Civilized – Tess Allen – March 2017
To say we are living in turbulent times would be an understatement.
From the election of Donald Trump (a profoundly divisive event all on its own) to tensions around healthcare reform and foreign relations, it’s easy to feel pessimistic about our chances of reconciling as a society anytime soon.
Jon Liedtke thinks a bit of cannabis paired with some lively discussion might be a good place to start.
The owner of Higher Limits – Canada’s largest cannabis lounge located in Windsor, Ontario – is launching an ‘elevated’ debate series wherein community members will gather to dissect hot button issues in the region and well beyond.
While cannabis use obviously won’t be enforced for participants, Liedtke will be “encouraging anyone who wishes to consume beforehand.”
“There are so many issues going on right now, whether it’s here in Windsor or across the country or outside of it. I’m watching all these conversations unfold on Facebook, which isn’t exactly the best medium for having meaningful discussions,” Liedtke told Civilized.
“Elevating that discourse rather than just yelling at each other seemed like a great idea, and doing it at the cannabis lounge made a lot of sense.”
The reason it makes sense, according to Liedtke, is (at least partially) because many cannabis consumers find the plant to be “a stimulant in terms of intellectual capacity.” In other words, cannabis can help open your mind and take it in directions you never predicted – a valuable asset during heated discussions on controversial topics.
“There’s a reason we’re calling it an ‘elevated’ debate… we’re hoping cannabis can help promote some meaningful discourse,” said Liedtke, adding that cannabis personally helps him “problem solve, analyze issues from different [viewpoints], and get introspective when I need to.”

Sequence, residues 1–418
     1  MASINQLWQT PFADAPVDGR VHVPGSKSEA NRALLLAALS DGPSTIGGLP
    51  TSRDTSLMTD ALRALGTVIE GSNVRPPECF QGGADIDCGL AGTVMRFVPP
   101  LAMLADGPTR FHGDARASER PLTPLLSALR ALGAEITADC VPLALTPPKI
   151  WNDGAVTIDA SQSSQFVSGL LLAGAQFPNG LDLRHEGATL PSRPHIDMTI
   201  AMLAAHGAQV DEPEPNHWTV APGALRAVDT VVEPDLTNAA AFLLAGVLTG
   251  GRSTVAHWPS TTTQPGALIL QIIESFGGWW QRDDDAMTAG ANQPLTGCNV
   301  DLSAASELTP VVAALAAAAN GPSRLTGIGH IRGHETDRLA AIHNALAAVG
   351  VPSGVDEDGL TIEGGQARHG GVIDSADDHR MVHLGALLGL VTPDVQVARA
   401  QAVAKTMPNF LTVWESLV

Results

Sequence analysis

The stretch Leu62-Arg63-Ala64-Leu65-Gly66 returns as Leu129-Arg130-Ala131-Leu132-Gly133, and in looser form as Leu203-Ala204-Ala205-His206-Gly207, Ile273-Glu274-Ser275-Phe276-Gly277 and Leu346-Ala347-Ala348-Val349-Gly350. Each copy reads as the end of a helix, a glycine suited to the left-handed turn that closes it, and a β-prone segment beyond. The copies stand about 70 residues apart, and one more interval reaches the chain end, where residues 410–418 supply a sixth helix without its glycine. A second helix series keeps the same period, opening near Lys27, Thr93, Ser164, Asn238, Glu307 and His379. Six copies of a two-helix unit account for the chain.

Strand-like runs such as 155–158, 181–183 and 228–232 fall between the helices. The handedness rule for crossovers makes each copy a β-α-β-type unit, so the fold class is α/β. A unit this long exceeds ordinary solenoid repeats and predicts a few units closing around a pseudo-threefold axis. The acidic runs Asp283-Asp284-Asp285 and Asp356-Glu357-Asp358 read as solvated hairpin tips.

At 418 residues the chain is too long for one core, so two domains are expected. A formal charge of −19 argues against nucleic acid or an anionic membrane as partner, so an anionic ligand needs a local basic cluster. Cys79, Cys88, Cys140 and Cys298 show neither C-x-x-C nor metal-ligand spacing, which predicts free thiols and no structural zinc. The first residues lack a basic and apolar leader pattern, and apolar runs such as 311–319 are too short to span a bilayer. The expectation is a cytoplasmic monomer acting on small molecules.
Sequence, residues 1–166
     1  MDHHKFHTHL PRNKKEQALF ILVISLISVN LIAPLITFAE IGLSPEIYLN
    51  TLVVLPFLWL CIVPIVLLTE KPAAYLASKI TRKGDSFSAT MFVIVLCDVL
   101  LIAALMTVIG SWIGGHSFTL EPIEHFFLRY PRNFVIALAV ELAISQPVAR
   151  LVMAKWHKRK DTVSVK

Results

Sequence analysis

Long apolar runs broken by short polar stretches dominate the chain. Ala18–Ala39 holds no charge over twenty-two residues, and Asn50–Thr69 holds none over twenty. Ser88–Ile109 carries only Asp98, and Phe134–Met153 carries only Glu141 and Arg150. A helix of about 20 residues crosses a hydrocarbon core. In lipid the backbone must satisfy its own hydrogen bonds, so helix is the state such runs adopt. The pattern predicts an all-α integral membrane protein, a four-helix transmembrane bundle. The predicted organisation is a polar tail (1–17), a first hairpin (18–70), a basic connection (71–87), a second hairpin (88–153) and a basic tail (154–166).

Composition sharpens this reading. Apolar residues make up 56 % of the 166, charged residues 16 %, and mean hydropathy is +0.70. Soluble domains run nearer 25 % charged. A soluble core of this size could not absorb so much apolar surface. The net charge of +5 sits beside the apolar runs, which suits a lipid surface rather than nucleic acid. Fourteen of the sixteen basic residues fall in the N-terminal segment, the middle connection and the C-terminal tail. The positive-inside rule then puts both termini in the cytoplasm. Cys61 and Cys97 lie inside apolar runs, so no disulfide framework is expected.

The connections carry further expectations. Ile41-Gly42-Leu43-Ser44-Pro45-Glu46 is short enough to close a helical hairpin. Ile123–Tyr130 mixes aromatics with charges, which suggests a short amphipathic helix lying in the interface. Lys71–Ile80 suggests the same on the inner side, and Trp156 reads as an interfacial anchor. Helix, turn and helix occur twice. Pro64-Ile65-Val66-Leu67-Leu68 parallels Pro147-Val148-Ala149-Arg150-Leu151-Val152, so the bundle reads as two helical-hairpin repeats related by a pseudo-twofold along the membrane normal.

“We’re hoping that participating in cannabis consumption before and during the event will help people come to different perspectives on issues, maybe find a bit of enlightenment.”
Inviting both cannabis consumers and non-consumers to partake in the series will also help further Higher Limits’ unrelenting mission to de-stigmatize cannabis use, added Liedtke.
“Everything we do at Higher Limits is aimed at normalizing the use of cannabis and removing the stigma… no one looks at someone drinking a beer and automatically thinks they’re a negative influence on society, but we’re at a point where people do look at cannabis consumers as such and that’s a problem,” said Liedtke.
“By having cannabis consumers and non-consumers interacting in the same space at an event that isn’t cannabis-specific but rather community-focused, it allows for a common ground to be found… [and for people to see that] meaningful discourse and cannabis use aren’t binary concepts.”
Liedtke plans to host the first “Parliamentary debate-style” event come April, with hopes of going monthly.
“We’re looking at half-hour debates and hour-long debates, with topics ranging from things concerning Windsorites to Donald Trump issues since we’re a border city [with Detroit.] We’ll even talk cannabis legalization,” said Liedtke. “We want the audience to submit topics…because we really want this to be a community-focused event.
“We want people to walk away from the debates [whether or not cannabis was involved] thinking, ‘wow, I just listened to a very well-researched, nuanced argument and I learned something.'”